Reviewed by Magdalena Ball
By Justin Lowe
ISBN:9781409204862, Hardback, 292 pages, Download: $5.00, Hardcover Print: $39.99
The verse novel is a tricky form to master. It requires combining the power of story and its narrative progression, with the instant impact of poetry. Another complexity is trying to keep track of who’s talking, and all of the normal complications of a standard novel such as setting, and time sequencing, without losing the flow and power of each word, or each poem. A sequel to a verse novel is even harder to master. But Justin Lowe is not one to shy away from a literary challenge. His last verse novel The Great Big Show was set during World War I, following the experiences of a range of characters as they fight within the war, are injured, or struggle with the loneliness and fear of being left behind. In Magellenica, only one real character remains from The Great Big Show: Albermarle Darcy, DSO, or Albie, as he is often referred to. He returns from the trenches in 1924, scarred both physically and mentally. The war over, most of his friends gone, and his mother is dying. She is all he has left, so when she dies, he must completely remake his world:
my mother’s dying
was an odd kind of blessing for us both
she saw me home safe
through the patches in her fever
and then she left me
while I was changing her garlic presses (92-3, “Georgia”)
Throughout the book are striking lithographs by Suzie Bower, whose painting also graces the cover. The art creates an odd sense of distortion, as if the reader were in a dream. It compliments the work, which also has a dreamlike effect on the reader, nicely. Although the focus and landscape of Magellenica is much smaller in sweep than in the The Great Big Show, the format is similar, with the reader getting a series of incomplete hints – emotive responses; sensual impressions — a slow, painful progression on an elliptical path. The novel doesn’t really reach denouement, and that isn’t necessarily a failing, though it isn’t satisfying in the way that a good novel should be. We get the sense that Albie’s progress is besides the point, as he discovers young Archibald (Archie) Jackson, a soon to be cricketing legend who steals the show from Albie and turns the novel around, away from the encroaching memories of a war already over, towards the beauty of cricket.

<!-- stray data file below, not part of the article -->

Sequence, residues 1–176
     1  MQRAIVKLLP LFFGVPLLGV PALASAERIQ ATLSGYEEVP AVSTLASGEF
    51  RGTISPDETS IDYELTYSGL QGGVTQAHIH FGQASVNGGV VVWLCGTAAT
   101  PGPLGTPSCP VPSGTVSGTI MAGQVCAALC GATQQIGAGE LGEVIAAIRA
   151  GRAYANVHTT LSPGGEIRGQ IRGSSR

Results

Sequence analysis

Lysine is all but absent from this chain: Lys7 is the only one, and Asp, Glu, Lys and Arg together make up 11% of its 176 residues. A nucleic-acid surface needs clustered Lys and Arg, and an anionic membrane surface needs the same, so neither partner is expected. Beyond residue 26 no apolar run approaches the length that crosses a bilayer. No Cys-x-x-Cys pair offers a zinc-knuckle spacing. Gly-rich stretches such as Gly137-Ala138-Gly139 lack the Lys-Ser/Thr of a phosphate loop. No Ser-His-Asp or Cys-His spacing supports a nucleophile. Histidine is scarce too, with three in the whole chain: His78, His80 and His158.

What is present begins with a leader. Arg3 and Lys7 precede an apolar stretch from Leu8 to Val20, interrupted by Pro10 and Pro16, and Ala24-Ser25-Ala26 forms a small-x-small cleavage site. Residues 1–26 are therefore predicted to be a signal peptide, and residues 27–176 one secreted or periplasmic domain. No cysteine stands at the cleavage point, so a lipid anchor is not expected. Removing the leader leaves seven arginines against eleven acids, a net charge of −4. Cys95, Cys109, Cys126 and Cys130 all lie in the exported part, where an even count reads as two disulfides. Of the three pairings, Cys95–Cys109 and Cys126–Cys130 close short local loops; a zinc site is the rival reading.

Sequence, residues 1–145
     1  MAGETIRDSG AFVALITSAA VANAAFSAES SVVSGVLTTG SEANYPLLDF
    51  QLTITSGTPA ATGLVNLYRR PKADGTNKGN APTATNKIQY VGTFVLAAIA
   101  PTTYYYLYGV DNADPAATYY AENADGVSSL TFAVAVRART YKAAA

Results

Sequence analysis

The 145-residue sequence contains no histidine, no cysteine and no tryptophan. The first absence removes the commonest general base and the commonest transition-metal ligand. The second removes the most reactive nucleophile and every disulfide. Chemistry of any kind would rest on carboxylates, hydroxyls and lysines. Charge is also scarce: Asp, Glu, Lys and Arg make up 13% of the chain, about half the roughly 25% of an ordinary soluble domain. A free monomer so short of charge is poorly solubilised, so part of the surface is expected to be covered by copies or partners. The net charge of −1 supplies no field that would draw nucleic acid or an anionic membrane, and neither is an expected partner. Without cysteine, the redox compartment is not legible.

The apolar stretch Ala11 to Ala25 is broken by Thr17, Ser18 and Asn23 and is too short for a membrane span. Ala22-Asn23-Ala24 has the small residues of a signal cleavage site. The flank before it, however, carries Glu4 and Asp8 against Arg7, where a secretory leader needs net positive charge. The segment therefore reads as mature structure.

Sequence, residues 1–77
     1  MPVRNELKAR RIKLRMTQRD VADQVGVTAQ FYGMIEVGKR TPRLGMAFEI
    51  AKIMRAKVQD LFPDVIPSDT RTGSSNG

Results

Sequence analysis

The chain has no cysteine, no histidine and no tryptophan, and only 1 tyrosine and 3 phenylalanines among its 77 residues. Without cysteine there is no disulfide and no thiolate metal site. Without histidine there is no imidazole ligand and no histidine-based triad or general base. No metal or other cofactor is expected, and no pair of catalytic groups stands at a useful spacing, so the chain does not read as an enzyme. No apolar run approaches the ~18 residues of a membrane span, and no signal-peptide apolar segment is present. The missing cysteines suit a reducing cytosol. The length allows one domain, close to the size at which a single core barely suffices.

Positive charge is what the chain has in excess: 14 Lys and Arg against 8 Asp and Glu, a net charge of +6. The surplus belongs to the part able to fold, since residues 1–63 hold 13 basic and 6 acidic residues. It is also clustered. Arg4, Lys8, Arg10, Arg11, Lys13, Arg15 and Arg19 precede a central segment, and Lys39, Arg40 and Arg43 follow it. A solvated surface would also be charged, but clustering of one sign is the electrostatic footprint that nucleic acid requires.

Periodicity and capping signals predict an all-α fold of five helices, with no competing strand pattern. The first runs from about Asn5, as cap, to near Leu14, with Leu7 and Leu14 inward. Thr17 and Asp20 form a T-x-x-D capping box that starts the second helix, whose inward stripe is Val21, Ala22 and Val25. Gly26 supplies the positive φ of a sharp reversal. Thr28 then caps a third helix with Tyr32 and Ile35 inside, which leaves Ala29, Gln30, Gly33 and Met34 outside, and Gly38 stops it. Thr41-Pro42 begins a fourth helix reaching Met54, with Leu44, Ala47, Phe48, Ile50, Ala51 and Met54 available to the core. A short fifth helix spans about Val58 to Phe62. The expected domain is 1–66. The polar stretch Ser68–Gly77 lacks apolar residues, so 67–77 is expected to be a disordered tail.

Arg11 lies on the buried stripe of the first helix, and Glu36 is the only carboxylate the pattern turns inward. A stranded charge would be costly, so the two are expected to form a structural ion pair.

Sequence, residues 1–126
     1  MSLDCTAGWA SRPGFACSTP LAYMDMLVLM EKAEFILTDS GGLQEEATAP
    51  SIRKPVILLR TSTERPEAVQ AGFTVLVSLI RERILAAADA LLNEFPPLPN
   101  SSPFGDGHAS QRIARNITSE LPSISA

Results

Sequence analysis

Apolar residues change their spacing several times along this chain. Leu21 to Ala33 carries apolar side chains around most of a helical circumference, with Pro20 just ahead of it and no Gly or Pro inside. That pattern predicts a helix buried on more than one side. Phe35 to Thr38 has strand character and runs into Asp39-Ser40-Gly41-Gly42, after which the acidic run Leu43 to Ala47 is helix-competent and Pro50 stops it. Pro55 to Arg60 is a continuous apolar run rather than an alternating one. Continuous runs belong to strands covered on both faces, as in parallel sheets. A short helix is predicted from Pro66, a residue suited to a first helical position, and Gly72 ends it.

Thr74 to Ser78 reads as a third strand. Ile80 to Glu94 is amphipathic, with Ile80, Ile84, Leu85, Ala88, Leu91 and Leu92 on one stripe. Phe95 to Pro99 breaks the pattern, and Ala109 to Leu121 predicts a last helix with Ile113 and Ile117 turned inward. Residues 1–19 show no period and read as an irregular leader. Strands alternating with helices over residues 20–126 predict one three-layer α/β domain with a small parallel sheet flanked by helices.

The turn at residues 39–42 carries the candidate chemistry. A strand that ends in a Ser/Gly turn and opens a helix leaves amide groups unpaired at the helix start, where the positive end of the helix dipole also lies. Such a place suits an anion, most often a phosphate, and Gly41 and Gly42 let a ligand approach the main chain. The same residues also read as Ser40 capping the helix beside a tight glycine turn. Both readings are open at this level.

it is the nature of the shot itself
all poised and reflex, a tall man on his toes
and a shadow there no-one noticed before
ready with his soft, cool hands (72, “The Tail”)
Archie was selected to play for New South Wales at 17, but he died of Tuberculosis at only 23 in 1933. Lowe follows his growth, partly through the eyes of Albie and partly through the adoration of his sister Elizabeth, a young woman that Albie loves. The novel is shot through with nostalgia, loss, hunger, and a rich sense of setting – the streets of Sydney in the late 20s, or the excitement of Cricket in the Bradman years. There’s a freshness to this form of novel, and Lowe handles it well, but I still feel like I’ve been left with a snapshot rather than a story. Nevertheless, as a portrait of both a post-WWI veteran, an image of cricket at its most exciting period in Australia, and a portrayal of Sydney in the 20s, this is a lovely, evocative book, full of rich imagery and sensual moments. As a fully fledged novel which takes the reader on a journey, I’m less certain.